Monday, October 30, 2006

Web 2point2, Nov 9-10

I'll be attending the Web 2point2 uncoference (San Francisco, Nov 9-10). The event is organized by the energetic Chris Heuer of the Social Media Club (a project of BrainJams, Inc). Check it out, it's shaping up quite nicely. Will you be there?

Web 2point2

Thursday, October 26, 2006

Popup menus - Flickr vs. Google

A few weeks ago Google quietly opened up

While SearchMash is not branded with the Google brand, the fact that it is being operated by Google was quickly revealed and widely discussed:

(The lack of branding was explained by Google as an attempt to gather more objective data about user response to new interfaces).

The most surprising change for me was the behavior of the green link:

Screenshot: Google SearchMash search results
Since it looks like a link, and smells like a link, you'd probably expect it to - duh - behave like a link, and take you to the web page it points to.

This is not the case in SearchMash though. When you click on the green link, you get a *gasp* popup menu with options:

It's interesting to compare this to the approach taken by Flickr in their recent user interface revamp.

Looking at the menu toolbar on the top of the Flickr page, you'll notice a list of links, and a small arrow next to each one of them:

Now, it's interesting to note that unlike the Google interface, which sacrifices old habits to provide richer functionality, the Flickr menu manages to provide the richer functionality while retaining the class link semantics and behavior.

When you click the arrow, a drop-down popup menu opens up with a list of options:

Which is great. But, if you didn't notice the arrow, or you don't understand what is it supposed to do, you can simply click the link:

What's really nice though, is that once you click the link, you get the Latest Photos page - but you also get the same list of links which were in the popup menu listed at the top row of this page, so you're still able to navigate to them.

I find the Flickr choice of user interface a much better balance between retaining compatibility with existing habits and known metaphors, and providing new functionality.

Wednesday, October 25, 2006

Podcast me

I've used Talkr to add an automatically-generated podcast to this blog. Check it out, seems to work pretty well. Not sure how useful it is, but it makes me go "cool!", which is a good enough reason to add it :)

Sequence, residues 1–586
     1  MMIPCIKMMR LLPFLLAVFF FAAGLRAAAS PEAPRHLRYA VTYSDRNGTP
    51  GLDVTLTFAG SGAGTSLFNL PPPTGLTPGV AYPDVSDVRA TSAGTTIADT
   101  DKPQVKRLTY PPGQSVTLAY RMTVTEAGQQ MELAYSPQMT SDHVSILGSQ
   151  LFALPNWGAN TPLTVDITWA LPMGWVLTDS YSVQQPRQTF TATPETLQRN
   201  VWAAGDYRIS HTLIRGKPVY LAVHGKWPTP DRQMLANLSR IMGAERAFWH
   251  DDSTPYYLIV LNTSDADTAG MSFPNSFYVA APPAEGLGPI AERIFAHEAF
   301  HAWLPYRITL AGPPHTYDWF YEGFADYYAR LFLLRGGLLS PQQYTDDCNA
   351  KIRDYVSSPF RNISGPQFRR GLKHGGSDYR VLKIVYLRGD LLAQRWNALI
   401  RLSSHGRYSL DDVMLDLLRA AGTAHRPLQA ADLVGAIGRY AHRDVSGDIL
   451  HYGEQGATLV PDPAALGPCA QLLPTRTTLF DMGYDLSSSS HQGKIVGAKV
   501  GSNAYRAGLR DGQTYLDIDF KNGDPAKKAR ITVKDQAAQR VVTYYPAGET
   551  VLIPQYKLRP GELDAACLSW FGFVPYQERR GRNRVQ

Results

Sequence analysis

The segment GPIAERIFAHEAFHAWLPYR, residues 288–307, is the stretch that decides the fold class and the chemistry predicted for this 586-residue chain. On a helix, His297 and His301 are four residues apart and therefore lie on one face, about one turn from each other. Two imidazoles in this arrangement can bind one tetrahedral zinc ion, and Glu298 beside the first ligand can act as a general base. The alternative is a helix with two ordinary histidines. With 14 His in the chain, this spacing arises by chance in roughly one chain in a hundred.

I've also switched to Firefox 2. I just love the built-in spell check. A long-overdue acknowledgment of the fact that so much of the content created today is created using the browser's text input box.

Wednesday, October 11, 2006

But what if I'm offline?

Sitting in the Office 2.0 conference, after several days on the road, hopping from state to state, from one airport to the next one, from one flaky wireless connection to the next attempt to get connected, the following question posted to Yedda by one of the Office 2.0 attendees stroke a chord:

Yedda - People.Sharing.Knowledge.What happens to office 2.0 functionality when you ...

What happens to office 2.0 functionality when you don't have access to broadband (airplane, cottage, network goes down, etc)

Topics: , ,

Asked by jakerton on October 11, 2006

View the entire discussion on YeddaYedda - People.Sharing.Knowledge.

The same issue came up in the morning keynote interview, where Dan Farber interviewed Esther Dyson, who confessed she's posting to her blog mainly through email since she's so often traveling and offline and email works so much better in this scenario.

Karen Leavitt pointed out later, in the "Office 2.0, Where Are We" panel, that in the future, there'd be no offline or online, only choosing if I want to be offline or online. Most likely true, but I hate waiting.

We could put together different solutions for different applications - post to a blog through email, keep the Flickr Uploadr window open with new pictures, use an offline bookmarks manager that knows how to sync with delicious, etc. But this doesn't scale. It's not simple enough. It feels like a hack.

Creating a offline client client for each different applications would theoretically work, but is not very practical - it's expensive to build, and I feel that most of us are kinda tired of downloading (and trusting) so many different desktop clients.

Can we do it in a different way?

It'd be great if browsers would be smarter about offline vs. online, allowing the same bookmark to present an offline version when I'm not connected. So, the Yedda Ask page bookmark would still work when I'm offline, but would have reduced capabilities (for example, topics would not be automatically suggested), and would do something slightly different when the Post button is clicked.

It would be great to have the form posted data go into a "offline queue", and be posted to the online URL next time I go online.

But waiting for browsers to support new functionality is not a good idea, since at the current release rate, it means that we'll need to wait a year or two at best before we have this stuff up and running. And I hate waiting.

Can we hack this functionality today? Ideas anyone?

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